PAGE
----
Wednesday, November 5, 2014

Characters: our read alouds from October

Our monthly reading theme for October was Characters, and we spent much of the month analyzing the character of Edward Tulane as part of the Global Read Aloud. In addition to Edward, here are some of the other books and characters were shared this month. (You can check out our Read Alouds from September on the theme of Community and Culture here.)

Africa Connections: folktales and biographies


We shared both Anansi and the Magic Stick and Anansi and the Talking Melon this month. Anansi is a great character to discuss, because while he is often tricky, he sometimes finds himself at the center of his own tricks! You can read more about Anansi in posts earlier this week: Anansi, part 1 and Anansi, part 2.

Seeds of Change by Jen Cullerton Johnson and illustrated by Sonia Lynn Sadler. This is now the fourth picture book biography of Wangari Maathai that I have read, and I think it might be my new favorite. I love the bright colors of the illustrations here and the emphasis on telling her life's story. (You can read more about the other biographies in the post Biographies about People and Trees.)

Happy Birthday, Jamela! by Niki Daly. I always check out a large collection of books by Niki Daly during our Africa unit, including both his wonderful folktales and his series of Jamela books. Jamela is a spunky character who makes creative but impulsive decisions, sometimes with disastrous consequences, but they always work out in the end. She is a very relate-able character for my third graders, and I love sharing stories with them about other parts of the world. (Jamela lives in South Africa like Niki Daly.)

Talk, Talk: an Ashanti legend retold by Deborah M. Newton Chocolate. I use this story to talk about plot and story structure, as it has a very clear problem and several distinct events. Students love the growing confusion as more and more unlikely things start talking!

Children Just Like Me series by Barnabas and Anabel Kindersley. I use this series throughout the year, highlighting different children from the continents that we study. You can read more about this book and the others in the post Around the World in a Single Book.

2014 Books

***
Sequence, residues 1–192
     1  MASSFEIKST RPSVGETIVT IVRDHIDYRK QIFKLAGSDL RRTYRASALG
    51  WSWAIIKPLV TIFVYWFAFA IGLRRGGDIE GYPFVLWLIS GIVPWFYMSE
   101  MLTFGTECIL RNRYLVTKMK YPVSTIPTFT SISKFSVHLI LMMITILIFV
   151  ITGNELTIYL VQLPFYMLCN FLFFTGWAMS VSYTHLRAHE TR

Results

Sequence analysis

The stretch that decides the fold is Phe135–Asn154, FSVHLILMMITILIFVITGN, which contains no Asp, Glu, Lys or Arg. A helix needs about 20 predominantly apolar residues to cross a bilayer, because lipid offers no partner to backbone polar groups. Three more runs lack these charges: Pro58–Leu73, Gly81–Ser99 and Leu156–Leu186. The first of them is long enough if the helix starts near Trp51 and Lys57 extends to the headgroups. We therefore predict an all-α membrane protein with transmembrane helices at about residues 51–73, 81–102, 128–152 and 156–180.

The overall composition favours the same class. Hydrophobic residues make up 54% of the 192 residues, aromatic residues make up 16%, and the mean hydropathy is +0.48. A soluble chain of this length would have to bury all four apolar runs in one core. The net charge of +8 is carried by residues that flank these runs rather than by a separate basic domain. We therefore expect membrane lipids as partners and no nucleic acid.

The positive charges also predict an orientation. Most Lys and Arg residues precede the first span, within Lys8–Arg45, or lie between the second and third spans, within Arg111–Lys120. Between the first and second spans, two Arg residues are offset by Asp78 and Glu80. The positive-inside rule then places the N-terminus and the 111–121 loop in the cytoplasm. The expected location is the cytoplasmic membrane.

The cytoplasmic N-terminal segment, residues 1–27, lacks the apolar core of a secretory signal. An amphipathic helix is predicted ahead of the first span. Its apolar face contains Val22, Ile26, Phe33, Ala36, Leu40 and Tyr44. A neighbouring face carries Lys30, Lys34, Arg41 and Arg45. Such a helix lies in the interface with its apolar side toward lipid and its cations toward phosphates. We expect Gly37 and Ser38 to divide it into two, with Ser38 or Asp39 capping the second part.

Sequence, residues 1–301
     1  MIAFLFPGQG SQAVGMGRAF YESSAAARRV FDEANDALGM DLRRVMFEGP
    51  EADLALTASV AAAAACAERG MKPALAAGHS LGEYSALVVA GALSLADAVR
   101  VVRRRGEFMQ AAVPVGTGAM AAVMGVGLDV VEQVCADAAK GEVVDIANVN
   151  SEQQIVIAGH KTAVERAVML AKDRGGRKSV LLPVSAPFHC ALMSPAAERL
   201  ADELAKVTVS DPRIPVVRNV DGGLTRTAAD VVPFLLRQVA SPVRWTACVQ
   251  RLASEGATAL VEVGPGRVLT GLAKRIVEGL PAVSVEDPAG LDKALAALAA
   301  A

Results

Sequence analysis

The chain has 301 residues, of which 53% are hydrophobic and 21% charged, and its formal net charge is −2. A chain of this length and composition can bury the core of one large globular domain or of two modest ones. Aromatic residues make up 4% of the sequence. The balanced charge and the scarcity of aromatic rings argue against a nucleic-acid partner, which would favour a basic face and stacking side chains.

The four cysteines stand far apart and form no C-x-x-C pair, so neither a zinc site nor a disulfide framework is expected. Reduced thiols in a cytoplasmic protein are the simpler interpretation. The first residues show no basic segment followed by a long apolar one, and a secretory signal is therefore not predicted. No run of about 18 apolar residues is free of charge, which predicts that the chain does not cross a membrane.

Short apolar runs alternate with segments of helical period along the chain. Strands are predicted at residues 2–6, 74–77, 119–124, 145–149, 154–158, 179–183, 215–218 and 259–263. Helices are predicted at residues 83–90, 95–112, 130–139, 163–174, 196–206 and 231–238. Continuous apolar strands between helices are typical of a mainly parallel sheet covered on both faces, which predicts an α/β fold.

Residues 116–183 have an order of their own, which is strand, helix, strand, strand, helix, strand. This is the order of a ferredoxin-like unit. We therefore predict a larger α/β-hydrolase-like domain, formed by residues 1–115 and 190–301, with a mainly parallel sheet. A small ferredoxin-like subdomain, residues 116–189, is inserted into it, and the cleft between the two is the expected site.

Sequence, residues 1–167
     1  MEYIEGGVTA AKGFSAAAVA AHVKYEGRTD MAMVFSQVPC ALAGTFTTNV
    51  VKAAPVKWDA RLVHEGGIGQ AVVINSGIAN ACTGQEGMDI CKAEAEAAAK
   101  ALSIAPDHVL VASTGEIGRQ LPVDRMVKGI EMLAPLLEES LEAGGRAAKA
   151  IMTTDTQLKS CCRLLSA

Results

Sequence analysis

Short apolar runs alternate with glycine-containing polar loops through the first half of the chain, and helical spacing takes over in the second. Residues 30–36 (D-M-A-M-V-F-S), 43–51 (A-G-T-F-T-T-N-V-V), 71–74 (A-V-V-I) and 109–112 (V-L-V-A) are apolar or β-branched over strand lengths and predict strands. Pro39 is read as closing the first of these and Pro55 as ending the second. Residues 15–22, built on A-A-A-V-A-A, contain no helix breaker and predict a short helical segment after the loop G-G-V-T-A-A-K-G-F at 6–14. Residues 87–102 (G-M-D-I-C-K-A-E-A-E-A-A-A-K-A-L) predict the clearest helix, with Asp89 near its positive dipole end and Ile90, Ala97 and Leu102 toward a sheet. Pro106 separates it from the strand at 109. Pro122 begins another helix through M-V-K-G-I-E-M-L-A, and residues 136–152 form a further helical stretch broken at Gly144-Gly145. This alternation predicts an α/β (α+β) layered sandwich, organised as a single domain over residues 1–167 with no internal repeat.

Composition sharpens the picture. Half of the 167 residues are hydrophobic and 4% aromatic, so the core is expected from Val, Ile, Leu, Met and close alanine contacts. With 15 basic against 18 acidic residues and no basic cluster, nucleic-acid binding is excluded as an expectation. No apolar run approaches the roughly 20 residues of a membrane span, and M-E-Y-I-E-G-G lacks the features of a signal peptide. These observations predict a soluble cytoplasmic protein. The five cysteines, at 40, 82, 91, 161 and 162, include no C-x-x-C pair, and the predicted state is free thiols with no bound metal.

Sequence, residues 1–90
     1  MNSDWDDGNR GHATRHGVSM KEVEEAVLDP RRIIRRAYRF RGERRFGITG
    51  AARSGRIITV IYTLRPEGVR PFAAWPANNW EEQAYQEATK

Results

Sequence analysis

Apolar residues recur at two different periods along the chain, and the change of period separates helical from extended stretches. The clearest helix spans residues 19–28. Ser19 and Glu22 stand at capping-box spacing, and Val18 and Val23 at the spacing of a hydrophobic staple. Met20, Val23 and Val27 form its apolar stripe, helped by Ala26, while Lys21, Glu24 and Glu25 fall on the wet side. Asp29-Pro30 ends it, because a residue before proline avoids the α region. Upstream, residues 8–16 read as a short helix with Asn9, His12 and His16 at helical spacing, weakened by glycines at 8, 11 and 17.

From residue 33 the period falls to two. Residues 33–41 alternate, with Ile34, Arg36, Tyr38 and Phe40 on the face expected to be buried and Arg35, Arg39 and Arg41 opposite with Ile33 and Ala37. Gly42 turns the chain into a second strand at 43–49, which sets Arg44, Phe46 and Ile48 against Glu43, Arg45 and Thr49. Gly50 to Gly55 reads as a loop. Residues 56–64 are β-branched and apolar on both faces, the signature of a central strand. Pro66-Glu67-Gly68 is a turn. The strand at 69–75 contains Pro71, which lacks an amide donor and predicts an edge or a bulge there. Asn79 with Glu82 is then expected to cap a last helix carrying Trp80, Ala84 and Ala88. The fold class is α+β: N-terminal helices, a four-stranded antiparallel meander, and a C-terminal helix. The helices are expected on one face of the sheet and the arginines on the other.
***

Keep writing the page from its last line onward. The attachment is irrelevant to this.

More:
The Troublemaker by Lauren Castillo. I shared this book partially to draw connections between our study of Edward Tulane and partially to gauge student reaction. The kids loved the book and enjoyed keeping an eye on that sneaky raccoon.

A New Book for Us

The Girl who Swam to Euskadi by Mark Kurlansky is a folktale about the Basque region of Spain (also known as Euskadi). We received this wonderful bilingual book as a gift from our partner school in Spain as part of the Global Read Aloud #GRAEdward. In the story, a young girl swims from Massachusetts to Euskadi but when she returns the scholars do not believe that the place exists. This book spurred a lot of great conversation among my students, and we are corresponding with our partners in Spain to get their questions answered.

Nonfiction Picture Book Wednesday Challenge is hosted by Kid Lit Frenzy and is a weekly roundup of educator blogs that are sharing nonfiction picture books. Click the link to check out other nonfiction posts.


  1. Somewhere I've seen that The Girl who Swam to Euskadi before, & it sounds fascinating, Katie. Thanks for the ideas for teaching different parts of fiction. I love the Just Like Me book-so wonderful to look and look.

    1. Thanks, Linda! It has been quite fun discussing Euskadi, as our partner class in Spain has sent us several links to videos of traditional songs and dances, which my student love learning about.

  2. You always come up with the greatest book list! :) Thanks for sharing so many new-to-me picturebooks! :)


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